One Weekend, Four Deaths

Four FlowersJude Calligros.

Victoria Ford.

Kristi Frazier.

Jaime Spring.


These ladies, four of my sisters in mets, died this weekend. As hard as I try not to make their deaths about me, it feels like it is about me. That thing that killed them is going to kill me – that’s one thought. Another thought is that they are done; they can rest now. And then I feel a little jealous.

It is easy to get caught up in causes and to write angry Facebook posts about the paucity of research into metastatic breast cancer. It is easy to make fun of Pinktober and to denounce the trivialization of breast cancer in the media. It is even easy to make wryly humorous remarks about playing the cancer card.

All that is easy and it’s distracting. It distracts me from pain and fatigue, opportunistic infection and the harsh reality of the disease that killed Vicki and Kristi and Jaime and Jude and is on its way to kill so many more. But then someone dies, and the distraction becomes worthless.

Every time one of my sisters in mets dies I think of my other sisters and brothers. I wonder which of us will be next, and I wonder when my turn will come. I wonder what will take me, which organ will fail. Will it hurt very much? Will I be aware that I’m dying? Will I be alone? Will I be missed? Will I leave something lasting behind when I go?

Yes, very self-centered. But that’s how it is for me. I cannot take in a death from metastatic breath cancer except through the filter of my own death. I cannot read about metastatic breast cancer except through the lenses of my own disease.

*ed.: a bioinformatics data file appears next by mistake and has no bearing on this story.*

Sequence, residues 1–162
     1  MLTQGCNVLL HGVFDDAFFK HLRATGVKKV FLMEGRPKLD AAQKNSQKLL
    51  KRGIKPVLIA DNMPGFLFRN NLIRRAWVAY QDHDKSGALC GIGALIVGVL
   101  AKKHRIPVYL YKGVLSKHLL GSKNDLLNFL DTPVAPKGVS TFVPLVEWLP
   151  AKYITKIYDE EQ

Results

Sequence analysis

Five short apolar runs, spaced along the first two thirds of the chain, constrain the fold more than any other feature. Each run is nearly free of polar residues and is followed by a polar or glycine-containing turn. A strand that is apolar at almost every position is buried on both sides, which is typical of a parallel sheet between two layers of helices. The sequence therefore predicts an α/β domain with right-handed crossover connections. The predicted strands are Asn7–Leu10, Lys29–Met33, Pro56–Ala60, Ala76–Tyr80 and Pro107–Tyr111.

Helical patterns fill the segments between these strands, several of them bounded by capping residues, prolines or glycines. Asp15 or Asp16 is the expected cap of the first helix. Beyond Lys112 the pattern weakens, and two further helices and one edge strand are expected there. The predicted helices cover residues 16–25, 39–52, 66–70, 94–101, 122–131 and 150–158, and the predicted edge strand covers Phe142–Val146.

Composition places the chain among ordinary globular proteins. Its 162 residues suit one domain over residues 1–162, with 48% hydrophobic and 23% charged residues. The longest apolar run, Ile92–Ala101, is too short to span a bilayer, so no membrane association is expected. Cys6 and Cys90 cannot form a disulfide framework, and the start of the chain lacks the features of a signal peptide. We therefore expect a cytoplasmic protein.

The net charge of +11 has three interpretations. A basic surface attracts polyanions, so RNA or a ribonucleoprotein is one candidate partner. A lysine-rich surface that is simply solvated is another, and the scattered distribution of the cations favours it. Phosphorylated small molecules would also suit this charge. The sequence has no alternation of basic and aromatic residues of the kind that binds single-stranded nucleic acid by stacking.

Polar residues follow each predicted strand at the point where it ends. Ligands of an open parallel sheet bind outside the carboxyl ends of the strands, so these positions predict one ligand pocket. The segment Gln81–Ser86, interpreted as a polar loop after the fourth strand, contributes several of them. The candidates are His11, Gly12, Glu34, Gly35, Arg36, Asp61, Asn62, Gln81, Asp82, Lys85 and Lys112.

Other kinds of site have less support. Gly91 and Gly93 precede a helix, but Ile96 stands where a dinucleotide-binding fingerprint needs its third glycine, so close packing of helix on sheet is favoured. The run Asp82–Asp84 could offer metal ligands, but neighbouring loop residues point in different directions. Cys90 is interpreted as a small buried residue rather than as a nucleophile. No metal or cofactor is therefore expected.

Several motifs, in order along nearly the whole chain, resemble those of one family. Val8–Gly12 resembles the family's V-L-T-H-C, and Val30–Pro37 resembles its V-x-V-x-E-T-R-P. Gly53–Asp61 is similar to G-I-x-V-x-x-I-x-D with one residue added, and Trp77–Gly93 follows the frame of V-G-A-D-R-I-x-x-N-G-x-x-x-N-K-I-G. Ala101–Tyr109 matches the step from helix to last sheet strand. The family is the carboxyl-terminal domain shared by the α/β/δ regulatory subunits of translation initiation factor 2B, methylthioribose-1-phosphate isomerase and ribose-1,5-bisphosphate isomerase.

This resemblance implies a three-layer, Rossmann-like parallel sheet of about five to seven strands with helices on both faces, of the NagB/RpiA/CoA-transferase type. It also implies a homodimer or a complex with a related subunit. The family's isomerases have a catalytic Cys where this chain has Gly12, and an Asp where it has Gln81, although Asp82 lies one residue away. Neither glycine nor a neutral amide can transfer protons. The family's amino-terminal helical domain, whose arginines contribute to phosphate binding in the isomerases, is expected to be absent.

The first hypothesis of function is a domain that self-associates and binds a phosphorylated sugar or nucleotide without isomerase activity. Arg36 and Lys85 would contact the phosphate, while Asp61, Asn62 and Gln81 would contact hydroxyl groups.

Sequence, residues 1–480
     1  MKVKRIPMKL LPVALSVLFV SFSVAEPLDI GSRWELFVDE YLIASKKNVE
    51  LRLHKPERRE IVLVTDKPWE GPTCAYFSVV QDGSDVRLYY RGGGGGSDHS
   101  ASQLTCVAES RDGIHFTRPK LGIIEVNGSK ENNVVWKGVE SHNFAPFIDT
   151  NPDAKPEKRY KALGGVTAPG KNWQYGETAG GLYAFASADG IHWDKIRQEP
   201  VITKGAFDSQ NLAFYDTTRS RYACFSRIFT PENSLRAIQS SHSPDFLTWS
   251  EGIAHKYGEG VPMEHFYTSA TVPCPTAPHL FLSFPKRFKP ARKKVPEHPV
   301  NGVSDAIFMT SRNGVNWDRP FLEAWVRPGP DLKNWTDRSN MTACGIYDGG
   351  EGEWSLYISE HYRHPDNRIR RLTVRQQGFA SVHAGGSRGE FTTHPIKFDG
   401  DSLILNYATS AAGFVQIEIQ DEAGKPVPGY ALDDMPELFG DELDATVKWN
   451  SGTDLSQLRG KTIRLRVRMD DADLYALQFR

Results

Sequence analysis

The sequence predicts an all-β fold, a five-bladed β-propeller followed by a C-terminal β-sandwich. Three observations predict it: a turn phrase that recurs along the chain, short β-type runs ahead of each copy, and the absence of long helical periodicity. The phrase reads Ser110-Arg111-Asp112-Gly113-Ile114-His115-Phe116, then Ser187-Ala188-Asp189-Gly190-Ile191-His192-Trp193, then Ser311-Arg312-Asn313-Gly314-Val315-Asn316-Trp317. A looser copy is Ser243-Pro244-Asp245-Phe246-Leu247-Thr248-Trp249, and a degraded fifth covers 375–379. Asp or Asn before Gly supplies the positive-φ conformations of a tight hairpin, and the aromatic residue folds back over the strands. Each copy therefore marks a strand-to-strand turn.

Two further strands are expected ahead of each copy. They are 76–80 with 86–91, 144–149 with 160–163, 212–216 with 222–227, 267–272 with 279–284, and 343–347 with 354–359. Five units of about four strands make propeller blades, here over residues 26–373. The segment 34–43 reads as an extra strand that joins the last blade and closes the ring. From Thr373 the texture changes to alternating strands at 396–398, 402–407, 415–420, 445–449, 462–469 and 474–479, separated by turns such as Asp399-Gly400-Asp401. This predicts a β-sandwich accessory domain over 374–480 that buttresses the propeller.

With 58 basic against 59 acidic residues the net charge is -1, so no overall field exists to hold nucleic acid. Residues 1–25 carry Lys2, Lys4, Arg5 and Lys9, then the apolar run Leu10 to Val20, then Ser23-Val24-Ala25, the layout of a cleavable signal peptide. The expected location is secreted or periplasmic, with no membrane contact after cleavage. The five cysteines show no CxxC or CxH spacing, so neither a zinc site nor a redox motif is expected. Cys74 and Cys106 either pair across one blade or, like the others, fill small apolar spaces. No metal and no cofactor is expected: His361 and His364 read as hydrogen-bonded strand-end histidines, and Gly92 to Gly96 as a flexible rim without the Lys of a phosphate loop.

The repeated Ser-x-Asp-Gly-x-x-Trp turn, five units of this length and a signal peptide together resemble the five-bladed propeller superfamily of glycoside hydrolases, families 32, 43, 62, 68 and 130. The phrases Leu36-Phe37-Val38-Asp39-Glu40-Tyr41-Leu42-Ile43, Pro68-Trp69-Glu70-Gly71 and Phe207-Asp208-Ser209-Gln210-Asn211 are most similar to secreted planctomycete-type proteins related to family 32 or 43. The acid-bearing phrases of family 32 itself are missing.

The deaths of these four ladies is a glimpse into my future. Even so, until that future becomes my present I can choose how to live, and I choose to live as well as I can until the moment comes when I will die as well as I can.



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34 Responses

  1. Carolyn says:

    I Love you, Knot… I’m living the same way, waves of distractions and then reality hits hard again with every death to our shared disease. Thank you for writing about it, so very well. Such sadness, so much loss.

  2. Carolyn says:

    I wonder some of the same things that you wonder, where will it strike next, will it hurt. But what I don’t wonder about is whether or not you will be missed. You will. You will be missed very much by the amazing community of your friends that you have gathered. And you will have left behind your very being in your words and within their hearts. In my heart too of course, should I still be here. 😉 <3

  3. Lisa says: